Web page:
The next time he would move into California with a well-armed band of sixty-five to seventy trained mountain men, to play a stormy, disputed, decisive role in its conquest.




This was the first acknowledgment on the part of the United States that there was a government existing in California; and more important, that anything going on in that aboriginal region could conceivably require the presence of an American official, though the British had named James Forbes to be their consul at San Jose in 1844, and a little later the French instructed one of their officials to proceed to Monterey and open an office of the French government there.

April 2,, 1844, was the proudest day of Thomas 0. Larkin’s life; he was convinced that now, with the government in his hands, he could in time effect a peaceable transition to American ownership. He so deeply loved his job that, although the spending of money was to him an exquisite mixture of pleasure and pain, he nonetheless wrote to his friend Alfred Robinson, in New York, asking Robinson to order him a resplendent uniform with gold epaulets. Apparently he did not stipulate what kind of uniform, there being none for a consul; just any handsome uniform would do. The symbol of authority in California had always been a cane, and Robinson, who dearly loved a practical joke, ordered Consul Larkin two canes with solid gold heads, the bill for which elicited screams of mortal agony that could be heard all the way from Monterey to New York.

Consul Larkin’s duty was to represent the United States in all the land between the Pacific coast and the Rocky Mountains, the southern border of Oregon and San Diego. While his chief task was to facilitate trade he soon found himself officiating at marriages and funerals of the Protestant residents, sitting as judge over quarrels between Americans on ships on the high seas. His immediate duty became the caring for sick sailors off American vessels, many of whom he took into his own home, literally feeding them out of his own pocket. When their number grew too large he built the first hospital in California. His major difficulty was that there were no doctors available.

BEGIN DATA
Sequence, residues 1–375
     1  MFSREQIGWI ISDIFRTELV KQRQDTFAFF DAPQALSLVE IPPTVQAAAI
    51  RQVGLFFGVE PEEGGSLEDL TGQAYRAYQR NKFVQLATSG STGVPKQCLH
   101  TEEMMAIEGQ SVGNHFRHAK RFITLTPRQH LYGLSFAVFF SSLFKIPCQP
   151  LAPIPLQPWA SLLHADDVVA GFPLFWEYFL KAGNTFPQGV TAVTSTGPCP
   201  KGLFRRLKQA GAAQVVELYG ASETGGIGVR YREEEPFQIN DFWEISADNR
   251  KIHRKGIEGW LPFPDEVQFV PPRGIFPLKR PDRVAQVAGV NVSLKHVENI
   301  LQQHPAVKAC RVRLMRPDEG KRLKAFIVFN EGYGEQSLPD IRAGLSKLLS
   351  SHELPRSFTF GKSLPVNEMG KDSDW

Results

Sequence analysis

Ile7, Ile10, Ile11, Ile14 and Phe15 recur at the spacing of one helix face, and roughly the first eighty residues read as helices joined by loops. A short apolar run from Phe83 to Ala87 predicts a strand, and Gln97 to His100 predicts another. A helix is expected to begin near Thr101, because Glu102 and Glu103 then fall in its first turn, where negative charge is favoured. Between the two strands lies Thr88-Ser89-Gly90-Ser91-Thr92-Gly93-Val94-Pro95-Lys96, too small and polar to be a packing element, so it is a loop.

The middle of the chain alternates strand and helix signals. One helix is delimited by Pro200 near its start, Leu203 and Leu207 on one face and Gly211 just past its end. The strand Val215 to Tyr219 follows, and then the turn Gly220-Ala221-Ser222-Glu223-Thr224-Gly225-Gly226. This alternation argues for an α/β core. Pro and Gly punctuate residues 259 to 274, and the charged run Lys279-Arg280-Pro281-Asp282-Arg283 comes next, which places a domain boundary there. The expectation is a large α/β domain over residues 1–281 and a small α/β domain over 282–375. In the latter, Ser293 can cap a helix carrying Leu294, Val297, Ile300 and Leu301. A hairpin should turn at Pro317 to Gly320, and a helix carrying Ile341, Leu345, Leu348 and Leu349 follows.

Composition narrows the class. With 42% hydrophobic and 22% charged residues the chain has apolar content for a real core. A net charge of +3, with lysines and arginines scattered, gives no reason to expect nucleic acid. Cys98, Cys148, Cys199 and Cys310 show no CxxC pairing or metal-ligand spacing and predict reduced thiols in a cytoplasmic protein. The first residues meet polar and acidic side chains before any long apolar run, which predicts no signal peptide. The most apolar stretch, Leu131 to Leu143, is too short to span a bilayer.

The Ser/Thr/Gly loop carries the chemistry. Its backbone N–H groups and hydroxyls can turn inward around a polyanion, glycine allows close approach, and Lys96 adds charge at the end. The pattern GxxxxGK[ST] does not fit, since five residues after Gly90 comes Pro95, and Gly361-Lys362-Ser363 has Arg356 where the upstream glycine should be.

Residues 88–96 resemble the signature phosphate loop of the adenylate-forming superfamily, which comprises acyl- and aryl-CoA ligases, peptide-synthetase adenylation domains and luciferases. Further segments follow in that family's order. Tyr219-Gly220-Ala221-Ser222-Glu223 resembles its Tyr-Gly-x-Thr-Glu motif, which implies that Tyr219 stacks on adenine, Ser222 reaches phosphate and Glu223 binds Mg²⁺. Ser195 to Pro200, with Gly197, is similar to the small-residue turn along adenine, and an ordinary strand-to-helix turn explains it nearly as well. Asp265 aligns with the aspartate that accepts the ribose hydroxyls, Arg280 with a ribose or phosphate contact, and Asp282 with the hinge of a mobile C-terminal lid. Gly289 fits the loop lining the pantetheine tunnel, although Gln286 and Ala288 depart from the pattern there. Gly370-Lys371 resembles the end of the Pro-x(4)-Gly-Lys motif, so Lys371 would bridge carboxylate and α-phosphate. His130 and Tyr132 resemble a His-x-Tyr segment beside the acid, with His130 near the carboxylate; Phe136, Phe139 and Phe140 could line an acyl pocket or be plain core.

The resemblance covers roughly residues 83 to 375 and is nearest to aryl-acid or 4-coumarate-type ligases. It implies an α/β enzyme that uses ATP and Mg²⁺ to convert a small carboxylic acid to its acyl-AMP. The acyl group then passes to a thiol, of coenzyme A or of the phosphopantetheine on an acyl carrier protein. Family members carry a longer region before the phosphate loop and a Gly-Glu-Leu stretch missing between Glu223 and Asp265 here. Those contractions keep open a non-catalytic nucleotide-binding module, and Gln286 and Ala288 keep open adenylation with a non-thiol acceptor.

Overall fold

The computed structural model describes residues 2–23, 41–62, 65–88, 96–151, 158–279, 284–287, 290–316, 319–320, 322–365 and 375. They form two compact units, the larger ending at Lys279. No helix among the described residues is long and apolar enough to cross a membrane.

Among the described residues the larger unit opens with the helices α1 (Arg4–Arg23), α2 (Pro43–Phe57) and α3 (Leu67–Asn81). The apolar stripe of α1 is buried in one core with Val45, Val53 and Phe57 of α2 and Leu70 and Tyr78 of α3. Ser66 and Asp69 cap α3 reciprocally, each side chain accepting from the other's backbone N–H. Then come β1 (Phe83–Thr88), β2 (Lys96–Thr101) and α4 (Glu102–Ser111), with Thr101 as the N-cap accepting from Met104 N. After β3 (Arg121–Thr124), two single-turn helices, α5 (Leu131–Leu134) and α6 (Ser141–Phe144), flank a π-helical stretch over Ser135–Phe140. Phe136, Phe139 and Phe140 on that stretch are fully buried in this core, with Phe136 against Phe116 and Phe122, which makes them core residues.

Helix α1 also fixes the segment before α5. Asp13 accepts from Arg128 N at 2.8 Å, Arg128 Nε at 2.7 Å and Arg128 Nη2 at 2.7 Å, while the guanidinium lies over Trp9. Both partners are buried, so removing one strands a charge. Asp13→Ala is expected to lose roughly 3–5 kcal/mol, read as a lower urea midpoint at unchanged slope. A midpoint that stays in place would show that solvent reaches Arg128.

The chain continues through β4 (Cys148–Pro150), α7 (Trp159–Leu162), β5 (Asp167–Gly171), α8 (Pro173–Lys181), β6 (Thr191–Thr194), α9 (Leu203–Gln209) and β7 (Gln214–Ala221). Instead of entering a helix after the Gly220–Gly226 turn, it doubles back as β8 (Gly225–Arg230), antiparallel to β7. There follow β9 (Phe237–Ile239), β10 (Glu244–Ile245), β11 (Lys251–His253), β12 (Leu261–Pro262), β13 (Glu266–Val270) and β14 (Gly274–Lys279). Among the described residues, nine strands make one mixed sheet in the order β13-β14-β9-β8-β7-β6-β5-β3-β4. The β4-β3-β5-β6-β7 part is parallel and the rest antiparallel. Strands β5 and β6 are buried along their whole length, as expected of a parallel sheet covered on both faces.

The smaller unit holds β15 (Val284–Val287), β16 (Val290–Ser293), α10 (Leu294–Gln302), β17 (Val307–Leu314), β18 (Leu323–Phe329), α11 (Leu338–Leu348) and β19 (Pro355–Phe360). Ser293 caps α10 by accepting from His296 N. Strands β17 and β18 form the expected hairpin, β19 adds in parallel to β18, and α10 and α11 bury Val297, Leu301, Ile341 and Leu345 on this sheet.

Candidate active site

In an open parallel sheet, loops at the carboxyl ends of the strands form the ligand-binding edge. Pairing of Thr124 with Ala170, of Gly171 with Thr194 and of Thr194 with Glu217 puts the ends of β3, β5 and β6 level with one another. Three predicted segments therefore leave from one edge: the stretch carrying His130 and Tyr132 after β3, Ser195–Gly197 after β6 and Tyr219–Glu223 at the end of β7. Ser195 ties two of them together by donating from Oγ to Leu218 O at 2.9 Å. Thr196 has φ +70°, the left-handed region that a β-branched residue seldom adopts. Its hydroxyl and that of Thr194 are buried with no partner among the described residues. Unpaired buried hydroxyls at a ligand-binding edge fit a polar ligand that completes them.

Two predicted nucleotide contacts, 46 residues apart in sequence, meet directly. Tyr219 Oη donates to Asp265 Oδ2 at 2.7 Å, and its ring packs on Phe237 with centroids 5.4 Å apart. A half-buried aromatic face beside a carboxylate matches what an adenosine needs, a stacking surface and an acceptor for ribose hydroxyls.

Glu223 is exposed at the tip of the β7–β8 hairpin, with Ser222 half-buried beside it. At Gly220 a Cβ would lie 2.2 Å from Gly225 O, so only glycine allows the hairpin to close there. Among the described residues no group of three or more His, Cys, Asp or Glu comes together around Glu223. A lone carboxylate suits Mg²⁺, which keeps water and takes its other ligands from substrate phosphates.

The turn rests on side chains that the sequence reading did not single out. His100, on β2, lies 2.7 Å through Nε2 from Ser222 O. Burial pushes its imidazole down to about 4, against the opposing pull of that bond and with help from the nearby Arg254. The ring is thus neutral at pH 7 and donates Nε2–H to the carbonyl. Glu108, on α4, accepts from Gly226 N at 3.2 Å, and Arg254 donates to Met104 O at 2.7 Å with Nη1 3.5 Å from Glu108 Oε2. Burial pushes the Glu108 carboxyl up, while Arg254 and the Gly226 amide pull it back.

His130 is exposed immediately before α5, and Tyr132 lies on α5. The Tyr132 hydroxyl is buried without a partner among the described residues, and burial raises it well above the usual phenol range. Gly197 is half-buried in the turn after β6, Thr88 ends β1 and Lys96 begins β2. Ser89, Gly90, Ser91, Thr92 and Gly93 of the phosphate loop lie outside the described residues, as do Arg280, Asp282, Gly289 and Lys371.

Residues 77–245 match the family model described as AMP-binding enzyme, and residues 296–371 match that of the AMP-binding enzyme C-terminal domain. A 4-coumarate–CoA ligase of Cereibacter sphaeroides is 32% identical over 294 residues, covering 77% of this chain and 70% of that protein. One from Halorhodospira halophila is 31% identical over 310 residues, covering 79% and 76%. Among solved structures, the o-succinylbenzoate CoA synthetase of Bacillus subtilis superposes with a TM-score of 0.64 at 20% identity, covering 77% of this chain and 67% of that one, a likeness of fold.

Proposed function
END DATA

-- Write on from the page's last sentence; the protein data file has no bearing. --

Dr. John Marsh’s informal entry into the profession without benefit of the Hippocratic Oath had been followed by two more practitioners: Joe Meek, a colorful Rocky Mountain character, said to his companions while coming down from Oregon with an emigrant train in 1843: “Boys, when I get down among the greasers, I’m going to be a doctor.” Though Meek could neither read nor write, his friends promptly called him “Doctor” Meek, and when he reached Monterey he found a following: for in one of his first cases, that of a Mexican boy who had cut off his toe with an ax, Meek stuck the boy’s toe back on with mud, and it grew.

The second to enter the field was G. M. de Sandels Waseurtz, who wrote a colorful description of his journey through California in 1842 and 1843. Waseurtz was a mining engineer who visited with John Sutter in 1843, studied the countryside, and informed his totally disbelieving host, who had long ago heard the Indian’s tale of Coloma’s Lake of Gold ruled over by a carnivorous monster, that there was unquestionably gold in the region of the Sacramento. He then went on to Monterey, which he described as “not yet grown out of its quilts, though the inhabitants, both Creole and foreigners, are a very kind, hospitable, and merry sort.” here, because of his botanizing and mineralizing, the rumor got around that Waseurtz was a “medico.”

“I had studied the Matcria Medica, I could look grave and wanted business, so I became a doctor. I laid down some broad principles, one was to charge well, the other, never to prescribe anything that was not disagreeable to take.”